• You can appoint a replacement attorney to act if one or more of your first attorney(s) dies or can no longer act.

3. What can your attorney(s) do?

  • You can give your attorney(s) a general power to manage all your property and affairs or limit their authority to specific matters.  Remember that if your attorney(s) are not able to make all decisions for you, you need to consider whether you should make other arrangements for the things they cannot deal with.
  • You are able to place conditions and/or restrictions on your attorney(s) which they must comply with, or you can give them guidance that they must take account of, but do not necessarily have to follow.  This is because, when considering ‘guidance’, the attorney(s) are required to act in the donor’s best interests and, particularly if circumstances have changed, they can decide that following the guidance is not in the donor’s best interests.  If the LPA contains ‘conditions’ the attorney has no discretion and s/he must comply with those conditions (even if circumstances have changed since the LPA was made).
  • An attorney has limited power to make gifts.  You can, however, limit this further.
  • Your attorney cannot have access to your will unless you agree that they can when making the LPA.
  • Your attorney has limited power to carry out any duties you may have as a trustee.  If you are a trustee you should let us know so that we can advise you appropriately.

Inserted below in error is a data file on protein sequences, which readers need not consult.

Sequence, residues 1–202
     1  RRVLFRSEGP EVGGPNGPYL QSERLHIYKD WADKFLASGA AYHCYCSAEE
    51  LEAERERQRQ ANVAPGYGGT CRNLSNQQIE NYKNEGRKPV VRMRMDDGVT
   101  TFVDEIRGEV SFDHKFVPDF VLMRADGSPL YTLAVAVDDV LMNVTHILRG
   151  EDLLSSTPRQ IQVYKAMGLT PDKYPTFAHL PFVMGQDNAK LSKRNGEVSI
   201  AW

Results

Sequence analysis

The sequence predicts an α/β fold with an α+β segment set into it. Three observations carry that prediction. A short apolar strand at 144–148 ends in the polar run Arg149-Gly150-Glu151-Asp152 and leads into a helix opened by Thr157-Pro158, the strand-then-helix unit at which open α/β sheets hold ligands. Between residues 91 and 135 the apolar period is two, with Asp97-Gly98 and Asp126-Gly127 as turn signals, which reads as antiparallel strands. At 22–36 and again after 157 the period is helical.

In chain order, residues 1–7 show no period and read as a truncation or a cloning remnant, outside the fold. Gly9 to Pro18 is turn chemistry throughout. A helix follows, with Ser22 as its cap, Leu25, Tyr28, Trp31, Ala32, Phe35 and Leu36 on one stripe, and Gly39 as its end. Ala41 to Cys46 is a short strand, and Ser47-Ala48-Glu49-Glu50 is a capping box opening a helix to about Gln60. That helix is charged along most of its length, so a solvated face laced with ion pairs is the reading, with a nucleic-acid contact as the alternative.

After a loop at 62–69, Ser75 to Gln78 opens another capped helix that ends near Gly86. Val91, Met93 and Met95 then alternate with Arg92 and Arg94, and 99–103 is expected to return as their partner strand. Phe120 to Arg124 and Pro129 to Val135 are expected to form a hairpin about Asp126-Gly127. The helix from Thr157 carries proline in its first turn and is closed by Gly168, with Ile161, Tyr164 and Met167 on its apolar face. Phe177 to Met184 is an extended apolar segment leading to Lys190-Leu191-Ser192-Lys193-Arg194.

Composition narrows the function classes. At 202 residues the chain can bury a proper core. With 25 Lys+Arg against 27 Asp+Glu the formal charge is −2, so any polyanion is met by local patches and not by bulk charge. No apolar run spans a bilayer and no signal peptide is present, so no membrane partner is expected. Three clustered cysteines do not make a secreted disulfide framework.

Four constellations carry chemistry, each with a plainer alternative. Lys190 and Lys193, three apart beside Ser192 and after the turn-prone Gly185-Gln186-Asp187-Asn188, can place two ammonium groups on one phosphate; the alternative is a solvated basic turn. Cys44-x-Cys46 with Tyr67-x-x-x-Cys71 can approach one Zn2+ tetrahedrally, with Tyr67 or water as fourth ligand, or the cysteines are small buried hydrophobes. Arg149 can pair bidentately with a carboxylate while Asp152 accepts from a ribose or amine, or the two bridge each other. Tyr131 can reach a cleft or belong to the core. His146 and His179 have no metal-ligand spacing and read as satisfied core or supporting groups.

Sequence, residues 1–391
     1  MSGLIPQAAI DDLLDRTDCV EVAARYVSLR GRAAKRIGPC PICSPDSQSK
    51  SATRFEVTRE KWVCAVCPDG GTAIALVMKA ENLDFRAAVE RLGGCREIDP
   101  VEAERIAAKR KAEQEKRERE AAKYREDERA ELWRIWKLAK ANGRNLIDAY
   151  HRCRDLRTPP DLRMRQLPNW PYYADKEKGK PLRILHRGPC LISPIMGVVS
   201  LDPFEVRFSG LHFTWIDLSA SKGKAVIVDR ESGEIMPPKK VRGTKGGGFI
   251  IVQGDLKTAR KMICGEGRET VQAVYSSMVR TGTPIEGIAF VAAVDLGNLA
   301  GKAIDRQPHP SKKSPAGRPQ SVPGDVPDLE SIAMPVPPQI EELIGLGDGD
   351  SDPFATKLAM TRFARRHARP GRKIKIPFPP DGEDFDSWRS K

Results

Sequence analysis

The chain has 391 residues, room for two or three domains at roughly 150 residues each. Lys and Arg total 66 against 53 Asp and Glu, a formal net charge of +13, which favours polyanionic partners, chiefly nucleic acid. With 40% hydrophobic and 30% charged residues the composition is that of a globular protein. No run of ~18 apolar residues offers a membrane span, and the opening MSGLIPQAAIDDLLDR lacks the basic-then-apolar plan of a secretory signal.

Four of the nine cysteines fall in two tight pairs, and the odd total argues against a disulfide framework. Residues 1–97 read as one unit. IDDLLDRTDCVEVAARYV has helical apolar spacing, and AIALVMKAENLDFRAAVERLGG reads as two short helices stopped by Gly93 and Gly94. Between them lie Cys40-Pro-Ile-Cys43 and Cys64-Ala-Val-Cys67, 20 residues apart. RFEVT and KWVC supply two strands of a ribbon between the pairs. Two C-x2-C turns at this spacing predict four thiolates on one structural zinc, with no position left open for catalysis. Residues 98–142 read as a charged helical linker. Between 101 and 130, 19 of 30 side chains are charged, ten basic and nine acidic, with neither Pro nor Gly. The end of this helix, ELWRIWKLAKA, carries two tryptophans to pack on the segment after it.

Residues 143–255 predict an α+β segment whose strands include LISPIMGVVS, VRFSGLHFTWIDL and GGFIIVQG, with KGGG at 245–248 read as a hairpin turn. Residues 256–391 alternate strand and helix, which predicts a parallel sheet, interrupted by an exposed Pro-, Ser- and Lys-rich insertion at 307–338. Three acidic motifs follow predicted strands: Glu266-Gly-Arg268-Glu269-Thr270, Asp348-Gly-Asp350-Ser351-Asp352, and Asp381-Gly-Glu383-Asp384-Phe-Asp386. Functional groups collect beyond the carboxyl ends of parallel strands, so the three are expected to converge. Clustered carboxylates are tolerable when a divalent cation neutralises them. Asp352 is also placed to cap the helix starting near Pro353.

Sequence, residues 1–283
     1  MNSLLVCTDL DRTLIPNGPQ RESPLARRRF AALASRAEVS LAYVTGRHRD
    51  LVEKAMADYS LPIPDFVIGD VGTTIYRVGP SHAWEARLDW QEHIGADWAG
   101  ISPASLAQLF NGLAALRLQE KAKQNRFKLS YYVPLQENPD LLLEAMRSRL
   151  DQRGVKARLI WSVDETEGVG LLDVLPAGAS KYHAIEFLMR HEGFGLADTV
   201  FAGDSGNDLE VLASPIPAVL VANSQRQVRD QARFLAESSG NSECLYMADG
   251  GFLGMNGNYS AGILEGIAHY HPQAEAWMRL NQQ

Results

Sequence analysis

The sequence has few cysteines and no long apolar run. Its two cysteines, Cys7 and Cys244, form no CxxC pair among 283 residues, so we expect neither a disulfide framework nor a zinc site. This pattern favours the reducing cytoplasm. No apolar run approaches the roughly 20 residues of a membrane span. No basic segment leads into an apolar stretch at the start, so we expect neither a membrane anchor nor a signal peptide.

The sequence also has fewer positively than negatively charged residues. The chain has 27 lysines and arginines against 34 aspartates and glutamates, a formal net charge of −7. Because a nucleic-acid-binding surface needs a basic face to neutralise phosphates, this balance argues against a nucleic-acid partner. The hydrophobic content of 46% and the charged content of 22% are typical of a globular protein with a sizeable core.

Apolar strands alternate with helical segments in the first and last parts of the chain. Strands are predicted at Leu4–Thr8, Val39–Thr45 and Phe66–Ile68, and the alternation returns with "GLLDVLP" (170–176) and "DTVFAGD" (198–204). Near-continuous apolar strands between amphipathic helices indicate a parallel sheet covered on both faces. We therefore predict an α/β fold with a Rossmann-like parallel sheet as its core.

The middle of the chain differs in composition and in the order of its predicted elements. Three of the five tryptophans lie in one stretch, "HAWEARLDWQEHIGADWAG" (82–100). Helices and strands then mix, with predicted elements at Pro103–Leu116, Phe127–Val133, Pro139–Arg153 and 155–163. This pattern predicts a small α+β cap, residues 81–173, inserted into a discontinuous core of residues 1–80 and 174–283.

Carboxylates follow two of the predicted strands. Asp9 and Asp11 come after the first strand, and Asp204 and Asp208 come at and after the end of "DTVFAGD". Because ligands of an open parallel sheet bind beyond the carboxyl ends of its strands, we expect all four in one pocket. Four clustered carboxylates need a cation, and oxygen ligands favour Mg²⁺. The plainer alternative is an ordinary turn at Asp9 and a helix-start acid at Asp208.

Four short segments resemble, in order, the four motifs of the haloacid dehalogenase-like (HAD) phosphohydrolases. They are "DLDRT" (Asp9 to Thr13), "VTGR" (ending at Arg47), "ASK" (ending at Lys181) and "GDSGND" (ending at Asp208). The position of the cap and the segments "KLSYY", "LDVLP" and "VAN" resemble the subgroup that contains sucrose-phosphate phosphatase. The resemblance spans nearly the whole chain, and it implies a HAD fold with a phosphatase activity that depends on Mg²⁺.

• An LPA comes to an end with the death of a donor.  After your death your property and affairs will be administered by your executor(s) if you have a will.  If you do not have a will you should consider making one - your attorney cannot make a will for you.

4. Who do you want informed when your attorney(s) apply to register your LPA?

As a safeguard to protect your interests, you are able to nominate up to five people to be given written notice when your attorney(s) apply to register the LPA with the Court of Protection.  Your attorney(s) cannot use the LPA until it is registered.  This is an important safeguard because if you lack capacity at the time of registration, you will be relying on these people to raise any concerns.

5. The Cost

The cost of making an LPA is made up of two parts:

(a) The fee that has to be paid to the Court of Protection for registering the LPA (until it is registered it is of no effect) - currently this is £120 for each LPA that is registered.  Consequently if you make both a Property and Affairs and a Personal Welfare LPA the Court fee is £240.  This only has to be paid when the LPA is registered so, if you make the LPA but do not intend to have it registered until you are unable to deal with your affairs this fee will not be payable at this time. 

(b) Our charges.  Our charges are £300 plus VAT for the preparation of a single LPA and £400 plus VAT for the preparation of both a Property and Affairs LPA and a Personal Welfare LPA.  If we are instructed to prepare LPAs for two people of the same household at the same time our charge for the second LPA is half the normal charge.  We are able, if our clients wish, to attend appointments in the client’s own home to advise and prepare LPAs.  We do, however, make an additional charge of £50 plus VAT for each visit. Where a certificate of capacity is required from a solicitor (see ‘Capacity to make a LPA’ above) there will be an additional charge of £50 plus VAT.